Here, Seija Kulkki, of Aalto University School of Business discusses participative RDI for inclusive transformations and Europe’s living labs
Since the 1990s we have witnessed a global spread of ICT, clouds and digital technologies. In the history of technological advancement of humankind, these are revolutionary technologies that have transformed – not only functionalities and efficiency of machines and devices – but also structures and processes of local and global industrial production and delivery. Moreover, these technologies have transformed the everyday life of human beings, as we have learnt from the internet, social media, intelligent traffic and digitalised welfare services that benefit from devices such as mobile phones, cars, computers, and refrigerators, in everyday use of humans. This informs us about new methods of modern human life in a digital era. The ICT, clouds and digital technologies have changed communication, information, and knowledge relations between all the economic, institutional and social actors, including individual humans. We argue that these technologies are relational and consequently structural by nature. They form a new relational infrastructure penetrating economic, social and human life.
They also carry a strong potential of changing our perception of economic, social, and human structures, processes and relations. The World Economic Forum (2016)1 argues for the next industrial revolution that it builds on and benefits from digital platforms, and deals specifically with the information and knowledge of humans. This technological development may integrate physical, digital and biological spheres of life as it builds upon, develops and integrates digital technologies with findings of social and human sciences, as well as with neuroscience, bioinformatics, medicine, science of wellbeing, health analytics and other branches of sciences wherein the human information connection may be created with globally interactive and complex digital platform technologies.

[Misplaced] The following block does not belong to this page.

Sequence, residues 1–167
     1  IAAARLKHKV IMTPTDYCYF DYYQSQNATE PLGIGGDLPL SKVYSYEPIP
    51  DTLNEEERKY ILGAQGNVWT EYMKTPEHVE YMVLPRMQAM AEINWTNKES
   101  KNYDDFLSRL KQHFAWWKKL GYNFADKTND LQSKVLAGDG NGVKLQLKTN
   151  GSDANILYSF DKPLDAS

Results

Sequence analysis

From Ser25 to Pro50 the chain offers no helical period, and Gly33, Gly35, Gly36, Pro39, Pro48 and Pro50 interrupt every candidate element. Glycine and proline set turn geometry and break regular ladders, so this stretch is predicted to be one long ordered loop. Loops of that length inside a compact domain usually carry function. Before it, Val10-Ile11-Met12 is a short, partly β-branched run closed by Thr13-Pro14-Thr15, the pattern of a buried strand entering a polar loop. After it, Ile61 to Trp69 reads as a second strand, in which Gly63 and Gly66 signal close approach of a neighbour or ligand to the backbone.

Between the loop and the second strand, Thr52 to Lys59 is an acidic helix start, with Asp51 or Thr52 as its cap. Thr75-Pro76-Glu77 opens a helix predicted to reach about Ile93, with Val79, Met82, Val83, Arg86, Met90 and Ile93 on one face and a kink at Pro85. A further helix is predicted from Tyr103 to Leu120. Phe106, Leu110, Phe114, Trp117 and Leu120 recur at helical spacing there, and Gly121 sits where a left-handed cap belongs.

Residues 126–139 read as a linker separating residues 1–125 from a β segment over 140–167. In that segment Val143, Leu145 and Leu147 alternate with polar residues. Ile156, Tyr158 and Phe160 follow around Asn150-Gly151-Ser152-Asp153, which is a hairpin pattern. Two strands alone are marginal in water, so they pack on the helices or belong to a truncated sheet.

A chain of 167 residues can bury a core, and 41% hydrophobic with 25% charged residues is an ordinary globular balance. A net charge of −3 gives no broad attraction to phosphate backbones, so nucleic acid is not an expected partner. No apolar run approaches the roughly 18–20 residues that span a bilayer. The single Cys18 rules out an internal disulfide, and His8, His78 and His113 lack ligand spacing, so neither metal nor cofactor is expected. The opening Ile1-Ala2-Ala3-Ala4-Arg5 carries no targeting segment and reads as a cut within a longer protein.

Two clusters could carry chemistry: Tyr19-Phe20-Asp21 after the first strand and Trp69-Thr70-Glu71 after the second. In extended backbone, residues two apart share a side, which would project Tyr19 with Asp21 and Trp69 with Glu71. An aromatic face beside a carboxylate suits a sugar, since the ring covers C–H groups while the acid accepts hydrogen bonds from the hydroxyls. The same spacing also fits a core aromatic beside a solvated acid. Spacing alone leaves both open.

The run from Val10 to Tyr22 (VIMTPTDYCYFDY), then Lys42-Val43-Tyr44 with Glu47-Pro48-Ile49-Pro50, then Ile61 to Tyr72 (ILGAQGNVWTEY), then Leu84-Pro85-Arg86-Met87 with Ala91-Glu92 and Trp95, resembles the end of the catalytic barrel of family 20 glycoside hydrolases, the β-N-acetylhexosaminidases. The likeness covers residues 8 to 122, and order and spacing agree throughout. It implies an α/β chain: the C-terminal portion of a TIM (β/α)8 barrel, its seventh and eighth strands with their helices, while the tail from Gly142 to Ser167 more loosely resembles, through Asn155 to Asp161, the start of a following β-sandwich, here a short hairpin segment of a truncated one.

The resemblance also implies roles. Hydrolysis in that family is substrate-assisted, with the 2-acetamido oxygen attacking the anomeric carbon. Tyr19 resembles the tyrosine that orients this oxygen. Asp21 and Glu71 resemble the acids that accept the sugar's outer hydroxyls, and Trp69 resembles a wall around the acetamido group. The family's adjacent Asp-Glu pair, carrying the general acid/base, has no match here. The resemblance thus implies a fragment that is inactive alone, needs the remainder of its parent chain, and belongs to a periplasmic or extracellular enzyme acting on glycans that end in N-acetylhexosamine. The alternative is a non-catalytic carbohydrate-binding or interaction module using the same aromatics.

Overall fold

As we see, not only the economic and industrial structures, processes and relations are digitalised; the very same takes place deeply in relation to structures, processes, and relations of social and human life. Both are undergoing a strong ‘technologisation’. The World Economic Forum foresees that this transformation will be unlike anything humankind has experienced before. Consequently, we argue that the issue is not only about economic or industrial efficiency and renewal; the issue is about the nature of the future of human life.
We argue, however, that Europe has an opportunity to make a major contribution to a more human-centric social and economic development – even globally; Europe has a science, research and innovation policy for solving societal challenges through RDI (research, development and innovation, Horizon 2020, 3rd Pillar) in addition to science and technology (1st Pillar) and corporate RDI (2nd Pillar). By definition, Europe may be better positioned to address in a balanced way, the major societal challenges of our time, many of them caused by overemphasising the role of finance and technology driven globalisation.
Europe has already gained encouraging experiences of human and user centric RDI related to ICT and digitalisation. As early as 2006, during the Finnish EU Presidency and as a part of the official EU Presidency Programme, the European Network of Living Labs was launched on November 20th2. By then, the European Network of Living Labs (ENoLL) included 20 actors from 16 European countries.
The strategic goal of the network was to provide open innovation ecosystems in cities and regions where firms, academia, public agencies, developer communities and citizens could collaborate in RDI for new ICT and digital services and business models.